Frequent Fliers Feeling Grounded with These Airline Changes
If you’ve been planning to take a vacation with your frequent flier miles, expect airlines to make that process more difficult and more expensive than ever. Industry mergers and increased passenger counts are limiting seats on flights these days, making the investment in an airline’s loyalty program a bad deal for consumers in almost every case.
What is different about cashing in frequent flier miles for flights these days? As consolidated airlines like US Airways (NYSE:LCC) survey the future, they notice a higher percentage of filled seats on flights. More efficient routes have allowed airlines to trim their expenses, making for better earnings yet fewer seats to reward travelers for loyalty. The proliferation of traveler reward credit cards like United (NYSE:UAL) and Delta (NYSE:DAL) offer passengers is also increasing ways for customers to earn miles.
As a result, attaining “elite” status on airlines will be more difficult since it will be more common, according to CNBC. Most airlines will increase the amount of miles needed to qualify for the upper echelon categories while others start selling the perks of the elites for small sums. In other words, it could be cheaper to find a discount flight with low-cost upgrades and get cash back on credit card purchases than to expect an airline to redeem miles cost-effectively for a flight you want.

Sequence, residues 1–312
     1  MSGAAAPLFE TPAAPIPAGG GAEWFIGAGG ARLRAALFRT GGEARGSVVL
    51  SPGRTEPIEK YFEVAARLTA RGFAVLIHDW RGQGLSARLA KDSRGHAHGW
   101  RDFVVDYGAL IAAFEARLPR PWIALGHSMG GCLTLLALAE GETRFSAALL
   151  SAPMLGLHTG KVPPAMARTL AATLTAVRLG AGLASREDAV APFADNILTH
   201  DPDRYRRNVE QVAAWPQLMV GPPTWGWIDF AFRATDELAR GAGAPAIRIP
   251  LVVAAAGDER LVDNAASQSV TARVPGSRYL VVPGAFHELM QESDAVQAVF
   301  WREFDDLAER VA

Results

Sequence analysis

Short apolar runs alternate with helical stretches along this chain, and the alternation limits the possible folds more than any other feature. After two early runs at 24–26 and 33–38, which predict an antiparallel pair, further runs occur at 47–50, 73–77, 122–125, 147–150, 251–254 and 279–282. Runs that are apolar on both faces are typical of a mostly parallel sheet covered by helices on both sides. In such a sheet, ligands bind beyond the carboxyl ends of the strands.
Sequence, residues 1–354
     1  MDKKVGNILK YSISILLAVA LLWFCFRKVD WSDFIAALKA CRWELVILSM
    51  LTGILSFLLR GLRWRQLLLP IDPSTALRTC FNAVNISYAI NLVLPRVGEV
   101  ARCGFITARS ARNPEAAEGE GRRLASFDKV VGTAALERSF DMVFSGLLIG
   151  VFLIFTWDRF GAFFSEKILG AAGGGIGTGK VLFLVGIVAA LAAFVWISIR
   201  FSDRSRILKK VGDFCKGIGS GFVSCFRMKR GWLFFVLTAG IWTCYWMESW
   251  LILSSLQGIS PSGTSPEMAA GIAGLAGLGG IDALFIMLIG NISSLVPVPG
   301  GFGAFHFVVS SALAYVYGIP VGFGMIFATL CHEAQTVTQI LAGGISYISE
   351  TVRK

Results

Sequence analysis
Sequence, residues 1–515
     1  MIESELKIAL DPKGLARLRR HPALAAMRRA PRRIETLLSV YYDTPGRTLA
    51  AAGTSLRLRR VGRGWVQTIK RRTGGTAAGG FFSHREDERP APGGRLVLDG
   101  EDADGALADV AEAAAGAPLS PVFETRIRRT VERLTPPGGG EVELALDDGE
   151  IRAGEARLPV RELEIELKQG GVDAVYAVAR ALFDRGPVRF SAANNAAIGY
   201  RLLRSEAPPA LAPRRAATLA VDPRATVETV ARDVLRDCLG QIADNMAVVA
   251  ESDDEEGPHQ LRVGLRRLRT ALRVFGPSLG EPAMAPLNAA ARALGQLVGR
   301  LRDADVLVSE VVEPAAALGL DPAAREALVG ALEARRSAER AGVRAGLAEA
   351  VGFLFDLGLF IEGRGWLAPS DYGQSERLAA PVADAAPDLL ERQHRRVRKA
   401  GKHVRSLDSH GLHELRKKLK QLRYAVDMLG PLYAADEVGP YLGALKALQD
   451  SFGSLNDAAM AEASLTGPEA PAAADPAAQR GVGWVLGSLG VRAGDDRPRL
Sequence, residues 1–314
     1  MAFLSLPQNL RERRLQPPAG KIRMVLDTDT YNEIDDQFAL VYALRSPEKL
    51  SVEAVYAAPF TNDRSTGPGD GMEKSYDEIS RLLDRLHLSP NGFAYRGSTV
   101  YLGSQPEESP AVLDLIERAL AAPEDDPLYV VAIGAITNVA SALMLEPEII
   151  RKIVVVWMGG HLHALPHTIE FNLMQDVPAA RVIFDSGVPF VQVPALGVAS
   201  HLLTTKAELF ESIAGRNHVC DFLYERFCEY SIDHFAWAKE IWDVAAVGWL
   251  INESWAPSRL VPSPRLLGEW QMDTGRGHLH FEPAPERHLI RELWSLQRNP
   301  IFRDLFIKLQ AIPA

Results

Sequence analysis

The bad news doesn’t end there. Spirit Airlines (NASDAQ:SAVE), a one-time discount option that now typically eclipses the fares of other providers, will charge fees in excess of $100 for “free” flights earned via miles. The miles themselves are even up for grabs: Delta is giving only a percentage of miles earned on student and discount fares.
That price-per-mile model will likely become the norm for most major airlines. How much you spend on a flight will be the deciding factor on how many miles you end up receiving. The system will work for redemption as well. By assigning a value per mile, redeeming flights on the shorter end of the spectrum — say, New York to Chicago rather than New York to L.A. — would cost you fewer miles on the other end. Frequent flier programs just aren’t much of a value for travelers these days.
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